As Americans begin to consider the candidates for 2016, they have already made a clear decision about how the right leader will approach the world.
A new poll conducted by a bipartisan research team and released today by the Better World Campaign finds that registered voters favor a foreign policy approach that embraces a partnership model. More than 8 in 10 - 82 percent - of Americans agree that to achieve our foreign policy goals, it is better for the United States to "work with major allies and through international organizations." By contrast, only 15 percent said the U.S. should "act mainly on our own.
Indeed, Americans will not agree on all policy approaches, yet there remains a strong consensus that diplomacy works, and the United Nations is key to achieving our foreign policy goals.
The poll also shows that a strong majority of Americans, 63 percent, maintain a favorable impression of the UN. The UN's favorability is higher than NATO at 57 percent, U.S. President Barack Obama at 49%, the World Bank at 24%, and the U.S. Congress at 23 percent.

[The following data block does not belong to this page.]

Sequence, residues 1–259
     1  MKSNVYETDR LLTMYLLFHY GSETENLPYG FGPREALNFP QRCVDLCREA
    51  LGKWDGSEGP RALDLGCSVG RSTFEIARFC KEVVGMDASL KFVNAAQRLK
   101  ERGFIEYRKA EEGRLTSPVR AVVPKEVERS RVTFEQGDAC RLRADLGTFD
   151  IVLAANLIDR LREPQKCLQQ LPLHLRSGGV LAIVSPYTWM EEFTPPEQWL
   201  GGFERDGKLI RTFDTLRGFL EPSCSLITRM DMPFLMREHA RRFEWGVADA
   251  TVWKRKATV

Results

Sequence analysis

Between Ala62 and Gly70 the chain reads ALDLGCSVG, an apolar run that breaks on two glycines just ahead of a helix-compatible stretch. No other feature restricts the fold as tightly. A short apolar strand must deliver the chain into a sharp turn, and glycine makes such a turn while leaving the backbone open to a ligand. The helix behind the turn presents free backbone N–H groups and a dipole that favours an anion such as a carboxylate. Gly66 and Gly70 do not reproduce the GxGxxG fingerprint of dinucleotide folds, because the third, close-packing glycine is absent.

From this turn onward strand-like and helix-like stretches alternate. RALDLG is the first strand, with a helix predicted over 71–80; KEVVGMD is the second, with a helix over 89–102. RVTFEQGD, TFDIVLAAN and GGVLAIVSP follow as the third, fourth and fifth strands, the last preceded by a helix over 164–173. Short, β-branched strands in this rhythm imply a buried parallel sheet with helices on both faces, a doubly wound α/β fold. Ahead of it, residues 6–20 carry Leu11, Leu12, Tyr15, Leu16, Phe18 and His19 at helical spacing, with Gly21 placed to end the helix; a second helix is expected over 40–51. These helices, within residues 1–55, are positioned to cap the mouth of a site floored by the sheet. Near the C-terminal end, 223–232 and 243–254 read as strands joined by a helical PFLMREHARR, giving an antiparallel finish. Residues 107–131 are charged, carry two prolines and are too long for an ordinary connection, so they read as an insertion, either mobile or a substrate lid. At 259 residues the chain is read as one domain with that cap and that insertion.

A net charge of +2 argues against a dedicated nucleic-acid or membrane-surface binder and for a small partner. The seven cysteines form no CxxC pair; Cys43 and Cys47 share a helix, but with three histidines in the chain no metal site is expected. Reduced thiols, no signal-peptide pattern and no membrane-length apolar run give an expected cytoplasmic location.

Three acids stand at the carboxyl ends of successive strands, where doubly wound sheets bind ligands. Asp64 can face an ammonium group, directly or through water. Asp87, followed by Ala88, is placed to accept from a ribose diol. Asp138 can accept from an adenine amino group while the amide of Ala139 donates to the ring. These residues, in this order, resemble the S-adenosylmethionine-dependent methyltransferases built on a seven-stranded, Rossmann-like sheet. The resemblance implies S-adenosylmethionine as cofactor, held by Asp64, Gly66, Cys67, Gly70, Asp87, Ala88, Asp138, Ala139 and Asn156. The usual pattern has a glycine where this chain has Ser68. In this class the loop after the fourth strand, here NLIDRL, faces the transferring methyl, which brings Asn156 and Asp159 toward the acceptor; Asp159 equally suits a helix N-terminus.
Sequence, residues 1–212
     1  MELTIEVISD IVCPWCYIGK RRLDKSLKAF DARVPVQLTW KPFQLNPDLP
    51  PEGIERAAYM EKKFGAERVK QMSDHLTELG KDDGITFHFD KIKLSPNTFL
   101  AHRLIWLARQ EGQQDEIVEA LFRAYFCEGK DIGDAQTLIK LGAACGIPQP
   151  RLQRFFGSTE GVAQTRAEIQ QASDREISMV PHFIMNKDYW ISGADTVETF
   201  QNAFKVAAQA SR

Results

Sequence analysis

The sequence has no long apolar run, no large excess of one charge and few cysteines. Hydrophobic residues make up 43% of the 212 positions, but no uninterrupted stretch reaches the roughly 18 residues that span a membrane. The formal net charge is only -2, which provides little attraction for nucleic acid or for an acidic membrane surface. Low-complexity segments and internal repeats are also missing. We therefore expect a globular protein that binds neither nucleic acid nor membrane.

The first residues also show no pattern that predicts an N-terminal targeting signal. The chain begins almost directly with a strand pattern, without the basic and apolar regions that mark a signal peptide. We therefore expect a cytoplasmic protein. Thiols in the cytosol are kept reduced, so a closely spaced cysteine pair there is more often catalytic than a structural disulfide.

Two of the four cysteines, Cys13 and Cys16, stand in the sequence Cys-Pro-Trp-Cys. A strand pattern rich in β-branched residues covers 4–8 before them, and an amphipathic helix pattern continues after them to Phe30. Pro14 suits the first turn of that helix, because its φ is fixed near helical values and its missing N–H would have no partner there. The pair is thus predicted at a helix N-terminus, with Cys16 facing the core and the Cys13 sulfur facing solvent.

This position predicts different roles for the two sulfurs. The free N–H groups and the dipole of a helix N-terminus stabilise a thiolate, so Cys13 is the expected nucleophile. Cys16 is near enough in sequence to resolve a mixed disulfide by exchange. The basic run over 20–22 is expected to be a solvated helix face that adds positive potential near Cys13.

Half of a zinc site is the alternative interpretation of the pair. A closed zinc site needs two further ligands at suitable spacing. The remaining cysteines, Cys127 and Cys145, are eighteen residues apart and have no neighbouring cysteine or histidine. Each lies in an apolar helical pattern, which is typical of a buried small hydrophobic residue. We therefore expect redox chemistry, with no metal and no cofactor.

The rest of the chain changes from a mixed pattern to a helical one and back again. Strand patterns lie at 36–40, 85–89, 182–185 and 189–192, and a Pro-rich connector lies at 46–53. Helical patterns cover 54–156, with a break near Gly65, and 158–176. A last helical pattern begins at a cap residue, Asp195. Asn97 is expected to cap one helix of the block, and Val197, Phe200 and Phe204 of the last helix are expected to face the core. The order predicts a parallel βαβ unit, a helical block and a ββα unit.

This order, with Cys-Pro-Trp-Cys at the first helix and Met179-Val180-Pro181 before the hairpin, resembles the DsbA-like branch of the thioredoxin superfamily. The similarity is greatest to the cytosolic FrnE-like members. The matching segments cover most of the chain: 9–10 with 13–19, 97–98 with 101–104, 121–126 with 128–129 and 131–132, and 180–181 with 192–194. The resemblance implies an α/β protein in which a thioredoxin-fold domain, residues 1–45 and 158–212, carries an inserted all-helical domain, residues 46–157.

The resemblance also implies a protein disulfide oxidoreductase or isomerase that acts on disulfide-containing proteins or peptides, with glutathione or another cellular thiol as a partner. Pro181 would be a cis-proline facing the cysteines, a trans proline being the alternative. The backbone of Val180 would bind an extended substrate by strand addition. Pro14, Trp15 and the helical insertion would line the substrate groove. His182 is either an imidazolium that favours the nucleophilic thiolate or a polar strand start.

In fact, 89 percent of Americans said it is "important for the United States to maintain an active role within the United Nations," and a strong majority of Americans, 67 percent, continue to support the United States paying our dues to the UN on time and in full. When asked specifically about our UN peacekeeping dues, support is at 73 percent.
The nationwide poll of 800 likely voters (520 landline/280 cell) was conducted October 11-14 by the bipartisan research team of Public Opinion Strategies and Hart Research Associates with a margin of error of ± 3.46 percent.
Other notable findings show that voters are supportive of the UN's new global goals for sustainable development. Respondents were told that, working through the UN, American and world leaders have established a set of 17 global goals to end extreme poverty, protect the planet, and ensure prosperity for all as part of a new sustainable development plan. These goals set specific targets for all countries to achieve over the next 15 years by the year 2030, regardless of their current level of development. Twenty-two percent of respondents reported awareness of the global goals, while favorable impressions scored 69 percent, and 83 percent agreed the United States should participate in a worldwide effort to accomplish the global goals by 2030.